Parents as Observers
"Science is about observation, right?" Lisa Rudley, a mother who has filed a claim in "Vaccine Court" asserting that shots caused her son's autism, told New York's The Journal News. "Well, I watched my son descend into illness. I think a mother's observation of her child is valuable."
Some parents can pinpoint the moment things went wrong for their child. In an open letter reprinted on the blog MomLogic, actress Holly Robinson Peete recalls, "When my son was two-and-a-half, he was just recovering from an ear infection and had been on antibiotics, therefore his immune system was suppressed. He had already missed several appointments for his vaccination so his pediatrician wanted to catch him up on all of them in the same day. Although I asked if he'd consider waiting or breaking up the cocktail, which contains three viruses, he laughed me out of the office and belittled me. I firmly believe that it took my son to a place of no return and his body could not handle it. He had a violent reaction with convulsions and then he stopped talking and slipped into a silence. He no longer said, 'Hi, Mommy,' he no longer responded to his name and he no longer made eye contact."
Others notice the change in retrospect. Ginger Taylor, on her blog Adventures in Autism, writes, "After Chandler's diagnosis I went back and watched home videos to find out when things started changing for him. We had a gap in our video's between my older son's birthday in September and Halloween. It was clear that he had changed sometime during that time. After watching the videos I checked his shot record and found that Chandler had been vaccinated just before the gap in the video, five weeks before Halloween."
As some parents trace the damage done by vaccines, others note the damage done by unvaccinated kids. In his book Your Critically Ill Child, Dr. Christopher M. Johnson writes of a baby's terrible battle with whooping cough in the Pediatric ICU, and of his mother's anger at the family whose avoidance of vaccines put her there. "She was more than unsympathetic to the anti-vaccination viewpoint; she was scornful of its adherents, even angry at them. She told me that she would like all such parents who refuse whooping cough vaccine for their children to see a video of Tiffany, emaciated from lack of food, exhausted from coughing, and nearly drowning in mucous as she gasped for breath."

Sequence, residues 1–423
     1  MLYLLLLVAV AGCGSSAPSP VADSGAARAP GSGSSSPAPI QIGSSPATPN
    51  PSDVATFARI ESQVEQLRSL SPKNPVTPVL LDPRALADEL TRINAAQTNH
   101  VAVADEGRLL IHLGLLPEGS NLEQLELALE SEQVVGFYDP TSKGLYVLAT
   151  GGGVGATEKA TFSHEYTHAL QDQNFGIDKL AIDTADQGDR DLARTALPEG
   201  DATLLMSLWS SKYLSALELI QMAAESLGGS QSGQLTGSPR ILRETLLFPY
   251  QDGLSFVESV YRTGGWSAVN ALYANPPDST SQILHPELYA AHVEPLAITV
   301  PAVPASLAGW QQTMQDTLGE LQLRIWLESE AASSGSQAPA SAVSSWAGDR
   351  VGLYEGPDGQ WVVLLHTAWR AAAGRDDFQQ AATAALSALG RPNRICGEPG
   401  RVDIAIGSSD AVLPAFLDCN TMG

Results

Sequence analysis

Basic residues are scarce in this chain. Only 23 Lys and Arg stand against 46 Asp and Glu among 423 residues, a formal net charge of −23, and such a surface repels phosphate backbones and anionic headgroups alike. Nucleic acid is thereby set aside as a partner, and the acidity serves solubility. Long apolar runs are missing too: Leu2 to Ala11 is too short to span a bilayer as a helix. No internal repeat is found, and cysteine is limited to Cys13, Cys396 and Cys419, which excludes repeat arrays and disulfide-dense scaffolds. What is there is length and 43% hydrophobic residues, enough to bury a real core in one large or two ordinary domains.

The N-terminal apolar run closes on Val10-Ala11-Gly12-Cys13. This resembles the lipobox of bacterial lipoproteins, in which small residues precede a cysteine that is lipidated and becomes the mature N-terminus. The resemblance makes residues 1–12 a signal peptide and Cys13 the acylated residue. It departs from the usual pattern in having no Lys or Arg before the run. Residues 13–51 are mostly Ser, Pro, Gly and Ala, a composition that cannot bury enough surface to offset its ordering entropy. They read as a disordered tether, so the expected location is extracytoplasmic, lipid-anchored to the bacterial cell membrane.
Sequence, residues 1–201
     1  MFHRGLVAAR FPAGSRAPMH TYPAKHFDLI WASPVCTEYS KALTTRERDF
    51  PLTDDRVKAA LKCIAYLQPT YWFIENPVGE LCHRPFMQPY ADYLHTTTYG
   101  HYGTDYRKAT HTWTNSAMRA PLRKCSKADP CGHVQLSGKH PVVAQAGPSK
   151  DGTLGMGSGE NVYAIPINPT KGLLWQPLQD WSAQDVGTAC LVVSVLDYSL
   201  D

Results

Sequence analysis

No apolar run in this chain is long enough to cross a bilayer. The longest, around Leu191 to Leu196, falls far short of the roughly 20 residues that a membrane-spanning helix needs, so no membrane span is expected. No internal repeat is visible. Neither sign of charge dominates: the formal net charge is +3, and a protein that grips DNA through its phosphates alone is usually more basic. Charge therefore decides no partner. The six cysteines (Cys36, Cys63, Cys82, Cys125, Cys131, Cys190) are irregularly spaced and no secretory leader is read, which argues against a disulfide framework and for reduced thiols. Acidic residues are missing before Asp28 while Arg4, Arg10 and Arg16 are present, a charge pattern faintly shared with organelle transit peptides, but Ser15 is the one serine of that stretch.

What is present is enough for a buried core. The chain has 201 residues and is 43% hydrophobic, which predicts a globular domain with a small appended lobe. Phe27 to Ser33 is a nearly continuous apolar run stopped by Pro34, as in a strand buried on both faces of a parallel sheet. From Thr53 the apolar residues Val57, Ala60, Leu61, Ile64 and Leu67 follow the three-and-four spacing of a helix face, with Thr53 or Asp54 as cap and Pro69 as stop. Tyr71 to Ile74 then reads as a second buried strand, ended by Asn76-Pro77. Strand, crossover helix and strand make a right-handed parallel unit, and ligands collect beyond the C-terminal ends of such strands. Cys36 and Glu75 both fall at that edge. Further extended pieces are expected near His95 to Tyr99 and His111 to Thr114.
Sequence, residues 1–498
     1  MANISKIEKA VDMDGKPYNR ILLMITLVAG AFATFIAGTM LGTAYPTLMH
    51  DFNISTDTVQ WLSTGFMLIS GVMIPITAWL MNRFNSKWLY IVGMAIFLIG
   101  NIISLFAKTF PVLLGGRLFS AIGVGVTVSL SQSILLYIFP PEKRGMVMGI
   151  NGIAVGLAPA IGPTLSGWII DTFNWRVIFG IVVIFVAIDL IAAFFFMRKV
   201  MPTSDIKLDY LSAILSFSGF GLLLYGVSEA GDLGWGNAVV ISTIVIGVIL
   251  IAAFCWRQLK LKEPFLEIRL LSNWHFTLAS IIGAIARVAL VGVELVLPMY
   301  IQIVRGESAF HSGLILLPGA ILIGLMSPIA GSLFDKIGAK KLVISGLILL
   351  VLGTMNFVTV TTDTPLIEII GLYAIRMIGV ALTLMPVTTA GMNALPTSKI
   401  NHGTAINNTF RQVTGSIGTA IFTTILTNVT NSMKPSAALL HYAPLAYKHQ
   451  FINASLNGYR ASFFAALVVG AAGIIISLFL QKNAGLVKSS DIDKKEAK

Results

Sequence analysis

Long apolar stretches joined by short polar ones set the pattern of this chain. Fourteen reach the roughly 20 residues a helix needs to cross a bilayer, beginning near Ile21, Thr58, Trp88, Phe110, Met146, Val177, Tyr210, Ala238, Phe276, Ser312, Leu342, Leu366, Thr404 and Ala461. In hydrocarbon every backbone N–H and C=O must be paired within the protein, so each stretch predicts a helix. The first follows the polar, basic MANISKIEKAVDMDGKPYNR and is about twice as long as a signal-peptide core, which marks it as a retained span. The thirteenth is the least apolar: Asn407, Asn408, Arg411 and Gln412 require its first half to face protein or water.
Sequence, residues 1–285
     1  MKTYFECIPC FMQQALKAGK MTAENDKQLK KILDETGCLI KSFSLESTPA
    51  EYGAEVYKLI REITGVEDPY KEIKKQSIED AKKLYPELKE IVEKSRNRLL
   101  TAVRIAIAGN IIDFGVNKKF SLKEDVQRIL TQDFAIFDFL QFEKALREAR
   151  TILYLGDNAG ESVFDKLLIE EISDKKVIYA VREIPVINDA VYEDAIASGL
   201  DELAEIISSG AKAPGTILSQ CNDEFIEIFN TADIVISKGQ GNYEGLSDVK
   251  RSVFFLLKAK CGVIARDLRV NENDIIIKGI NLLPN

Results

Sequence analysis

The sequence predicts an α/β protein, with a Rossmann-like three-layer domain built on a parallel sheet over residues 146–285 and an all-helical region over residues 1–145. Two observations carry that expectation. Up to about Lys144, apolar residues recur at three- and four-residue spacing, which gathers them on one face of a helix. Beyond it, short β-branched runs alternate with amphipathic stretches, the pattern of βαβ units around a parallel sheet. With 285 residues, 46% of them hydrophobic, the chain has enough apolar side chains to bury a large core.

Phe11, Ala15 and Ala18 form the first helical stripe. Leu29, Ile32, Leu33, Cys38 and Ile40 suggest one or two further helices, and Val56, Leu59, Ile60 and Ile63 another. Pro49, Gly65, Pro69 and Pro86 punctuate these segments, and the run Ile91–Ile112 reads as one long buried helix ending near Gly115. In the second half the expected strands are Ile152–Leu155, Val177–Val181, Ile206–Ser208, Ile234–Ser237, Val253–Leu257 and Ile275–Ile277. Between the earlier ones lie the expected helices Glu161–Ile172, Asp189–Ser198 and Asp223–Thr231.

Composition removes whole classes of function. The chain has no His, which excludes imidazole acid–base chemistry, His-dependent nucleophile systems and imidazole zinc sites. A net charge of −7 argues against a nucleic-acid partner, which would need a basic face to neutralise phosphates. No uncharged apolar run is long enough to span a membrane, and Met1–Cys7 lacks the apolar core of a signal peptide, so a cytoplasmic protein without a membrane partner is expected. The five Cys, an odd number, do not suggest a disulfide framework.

Neurodiversity or Disease
There are plenty of parents of children with autism who agree that the anti-vaccine viewpoint is dangerous. "Not all awareness and advocacy is healthy awareness and advocacy," writes Estee Klar in her blog The Joy of Autism. "Anything that shifts public perception to lessen the value of human beings based on their disability, sways people to feel sorry for us or our children, or endangers their health, is not advancing the needs of autistic individuals or creating an inclusive society."
Kristina Chew, who has blogged about her son's autism on AutismVox, Change.org, and We Go With Him, writes, "People have started to talk about a child having measles as preferable to a child having autism and so much energy is being directed to explaining about thimerosal and flu vaccines, all while the Supreme Court is making judgments about ... an 'appropriate' education for a child on the autism spectrum, and when everyone knows there isn't enough of anything (housing, jobs, funds) for adults on the autism spectrum."
For parents like Klar and Chew who embrace the notion of neurodiversity, autism is not a scourge to be eradicated or damage to be repaired but an example of normal human variation. "I just don’t see my son as having a 'ghastly affliction.' Indeed, when I stopped worrying about 'recovering' him and making sure he did this that and the other 'appropriately,' things got much better," Chew wrote on AutismVox.
Other parents find that "ghastly" well describes their experience with autism. In a Salon article, Ann Bauer writes of her adult autistic son's outbursts of violence, "I would hack off my right arm in return for something as simple as cancer. The flickering beauty of a sad, pure, too-early death sounds lovely." Jenny McCarthy, who has been outspoken in her criticism of vaccines, said in a Time interview, "If you ask a parent of an autistic child if they want the measles or the autism, we will stand in line for the f___ing measles."
Parents who believe that something in the environment is turning healthy children autistic consider research essential to reversing what they see as an autism epidemic. Jon Poling, who successfully petitioned the Vaccine Court on behalf of his daughter Hannah, wrote in the March 13, 2009, Atlanta Journal Constitution, "We should be investing our research dollars into discovering environmental factors that we can change. ... Pesticides, mercury, aluminum, several drugs, dietary factors, infectious agents and yes — vaccines."
Where It Stands
Regardless of their beliefs about the nature of autism, the dangers of vaccination, and the proper target of funding, most parents recognize that immunizing children against life-threatening diseases is something worth doing. Many who get tagged as "anti-vaccine" really want to make vaccines safer, eliminating potentially damaging ingredients and amending vaccination schedules so that young immune systems are not bombarded. Parents on all sides of the debate see themselves as fighting the good fight for their own children and for all children -- and that ensures that the question "Do Vaccines Cause Autism?" will continue to be hotly debated, regardless of what science has to say on the subject.
To keep up-to-date on the debate, and read how passionate parents apply their own experience and interpretations to all sides of issue, refer to the Today's News, Weekly News, and Vaccines and Autism News folders on this Parenting Special Needs site, updated regularly with posts on this contentious topic from parenting blogs around the Web.